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How to Create a Sales Pitch for Your Business (3 Examples)

Articulating the value of your services to clients by creating a great sales pitch can make or break a deal. Packaging what you offer in simple terms is an art, and there are several important elements that go into crafting a winning pitch. 

Four employees at a workshop working on a business pitch

A solid sales pitch can help you organize your thoughts, save time, and avoid losing out on significant opportunities. Crafting the perfect pitch can set the tone for a relationship with a prospective client and begin your sales conversations. 

Developing a pitch to influence your prospect’s mindset is key to a successful sales strategy. Want to know what it takes to craft a sales pitch that will help you close the deal? Keep reading to discover the best steps for creating a pitch you can use over and over again.

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What is a sales pitch?

A sales pitch is a brief version of a sales presentation that is ideally no more than two minutes long and used to relay information about a product or service. 

In an effective sales pitch, the job of the salesperson or business owner is to compellingly describe the business’s nature and benefits while remaining concise. Nailing down your sales pitch can make or break a deal since it’s one of the main opportunities you have to sell your services.  

For independent businesses, you might make your pitch during a consultation call, via email, or through your sales brochure. It all depends on your sales process and clientflow. 

Does a sales pitch for services differ from a product pitch?

In a product pitch, you would detail how your product works and how it might benefit a potential customer. Overall, pitching your service-based business should use similar tactics. But instead, you’ll explain what your services include and what value they provide.

Focus on your ideal client base and use persuasive language to convince prospects to buy into your solution. Even though it isn’t a product that will solve their needs and pain points, it’s you! Think of yourself and your unique business mission as the product that you’re selling.

Tips for creating a sales pitch 

A good sales pitch requires a creative focus, a solid narrative, good timing, and empathy. No matter what media you are using, you can follow these tips for creating a well-crafted sales pitch.

1. Keep it short 

Don’t spend all your time talking about the company or yourself. At this stage, clients are looking for solutions to their problems, and they’re likely comparing several different options outside of your business.

It’s your job to convince them to care about your services. Give your client a clear picture of how you can solve their problem by focusing on outcomes. If they’re interested, you can share more specific details, but this step is all about hooking them with your brand and overall value.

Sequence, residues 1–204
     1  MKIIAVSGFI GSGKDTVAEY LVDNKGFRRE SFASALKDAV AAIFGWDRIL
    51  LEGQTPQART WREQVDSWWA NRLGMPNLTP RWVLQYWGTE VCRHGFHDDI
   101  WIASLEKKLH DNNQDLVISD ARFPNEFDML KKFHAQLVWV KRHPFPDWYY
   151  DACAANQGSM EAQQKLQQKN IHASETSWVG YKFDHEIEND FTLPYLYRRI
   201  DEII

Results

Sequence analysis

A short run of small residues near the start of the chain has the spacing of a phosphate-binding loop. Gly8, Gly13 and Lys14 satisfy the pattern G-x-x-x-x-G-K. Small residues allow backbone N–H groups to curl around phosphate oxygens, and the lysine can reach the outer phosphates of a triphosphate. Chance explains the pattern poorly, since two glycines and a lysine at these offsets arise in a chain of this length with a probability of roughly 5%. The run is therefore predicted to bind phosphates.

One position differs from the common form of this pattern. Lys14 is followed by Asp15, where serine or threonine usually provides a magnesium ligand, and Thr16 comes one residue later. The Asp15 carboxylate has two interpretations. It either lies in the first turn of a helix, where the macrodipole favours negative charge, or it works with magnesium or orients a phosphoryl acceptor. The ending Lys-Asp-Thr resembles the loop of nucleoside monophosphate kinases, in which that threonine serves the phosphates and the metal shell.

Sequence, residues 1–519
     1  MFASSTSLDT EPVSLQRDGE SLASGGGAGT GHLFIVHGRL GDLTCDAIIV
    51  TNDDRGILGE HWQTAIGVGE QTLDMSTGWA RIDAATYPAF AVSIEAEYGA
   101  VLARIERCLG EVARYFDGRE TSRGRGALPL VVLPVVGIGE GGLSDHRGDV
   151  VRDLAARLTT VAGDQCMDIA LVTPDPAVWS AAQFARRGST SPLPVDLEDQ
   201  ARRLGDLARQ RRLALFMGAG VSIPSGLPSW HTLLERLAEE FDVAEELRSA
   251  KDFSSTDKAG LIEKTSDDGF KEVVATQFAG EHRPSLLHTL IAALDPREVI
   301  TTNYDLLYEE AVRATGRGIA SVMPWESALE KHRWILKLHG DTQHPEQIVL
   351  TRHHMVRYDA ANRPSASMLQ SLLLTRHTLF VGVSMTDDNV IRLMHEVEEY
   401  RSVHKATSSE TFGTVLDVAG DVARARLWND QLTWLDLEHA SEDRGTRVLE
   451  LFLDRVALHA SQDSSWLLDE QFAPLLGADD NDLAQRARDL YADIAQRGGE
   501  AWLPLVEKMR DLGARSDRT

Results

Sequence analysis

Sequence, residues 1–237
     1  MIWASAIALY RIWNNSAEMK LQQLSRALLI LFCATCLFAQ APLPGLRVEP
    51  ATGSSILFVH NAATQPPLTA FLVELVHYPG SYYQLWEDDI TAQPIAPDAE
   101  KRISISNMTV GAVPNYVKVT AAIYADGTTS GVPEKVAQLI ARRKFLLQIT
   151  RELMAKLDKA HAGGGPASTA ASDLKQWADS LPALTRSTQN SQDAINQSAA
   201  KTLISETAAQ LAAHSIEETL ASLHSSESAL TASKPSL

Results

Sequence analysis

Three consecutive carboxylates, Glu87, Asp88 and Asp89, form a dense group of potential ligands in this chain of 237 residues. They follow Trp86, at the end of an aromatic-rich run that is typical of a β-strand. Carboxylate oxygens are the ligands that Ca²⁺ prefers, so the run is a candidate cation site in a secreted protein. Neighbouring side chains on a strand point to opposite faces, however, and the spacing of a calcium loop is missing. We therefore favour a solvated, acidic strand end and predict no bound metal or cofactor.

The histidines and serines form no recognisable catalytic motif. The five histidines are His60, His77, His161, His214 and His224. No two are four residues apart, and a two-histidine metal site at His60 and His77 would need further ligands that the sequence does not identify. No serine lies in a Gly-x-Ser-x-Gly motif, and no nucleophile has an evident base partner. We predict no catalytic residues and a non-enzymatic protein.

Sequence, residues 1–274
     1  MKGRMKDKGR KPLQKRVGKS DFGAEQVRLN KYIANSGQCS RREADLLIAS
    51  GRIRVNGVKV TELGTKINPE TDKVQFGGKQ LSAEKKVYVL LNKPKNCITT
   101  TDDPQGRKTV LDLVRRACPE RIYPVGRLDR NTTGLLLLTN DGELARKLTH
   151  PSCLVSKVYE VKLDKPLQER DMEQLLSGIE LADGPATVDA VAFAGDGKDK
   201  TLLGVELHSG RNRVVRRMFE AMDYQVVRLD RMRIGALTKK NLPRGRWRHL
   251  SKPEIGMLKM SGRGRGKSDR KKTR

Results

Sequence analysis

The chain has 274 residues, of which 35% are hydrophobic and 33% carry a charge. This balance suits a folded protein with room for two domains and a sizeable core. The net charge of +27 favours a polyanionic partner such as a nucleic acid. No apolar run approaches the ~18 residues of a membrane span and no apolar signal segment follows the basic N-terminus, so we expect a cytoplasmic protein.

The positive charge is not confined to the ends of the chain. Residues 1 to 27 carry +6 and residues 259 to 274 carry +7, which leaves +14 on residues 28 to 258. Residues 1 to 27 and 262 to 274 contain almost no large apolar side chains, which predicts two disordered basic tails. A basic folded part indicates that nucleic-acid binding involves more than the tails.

2. Consider your audience 

Creating an ideal client profile can help you craft a relatable pitch that speaks to potential clients’ interests. It gives you the opportunity to do your homework and feel more prepared to speak to your most valuable leads.

Demonstrate that you understand your client’s needs by taking the time to research some unique challenges they may face. Establish why your clients need you and discuss how your product or service can solve their problems. 

3. Include a clear call to action 

Once you’ve established who your potential clients are, ask yourself why they might require the product or service you’re offering. Establishing yourself as an authority with relevant facts and successful client stories can grab their attention and encourage them to take action. 

Creating a sense of urgency is a great tactic, and you should always include a clear call to action in your sales pitch. Your clients should come away with an understanding of the next step they should take. If they’re interested, prompt them to book a consultation, call your business for more information, or agree to receive a pricing guide. 

Be sure to always include a degree of trustworthiness in your sales pitch.

Sales pitch examples and how to use them 

Connect with potential prospects on a deeper level by adhering to a framework that can help your business shape its narrative. Here are three sales pitch examples to follow, along with tips on how you can use them as opportunities to capture your client’s attention. 

1. Break the ice by establishing a connection 

Using the power of human connection is an excellent approach to crafting a compelling sales pitch. When you and your buyer have something in common, like an alma mater, it can give your sales team an excellent starting point.

Example

Good morning, (name),

My name is (x), and I noticed you’re also an alumnus of (x) University. One of the best parts about attending (x) University is its belief that building meaningful connections is essential for strategic growth and can bring many benefits to alumni. 

Do you have a moment for us to connect? I would love to share our latest service offerings and better understand some of your future goals. Let me know if this is something you’re open to. I look forward to hearing back from you.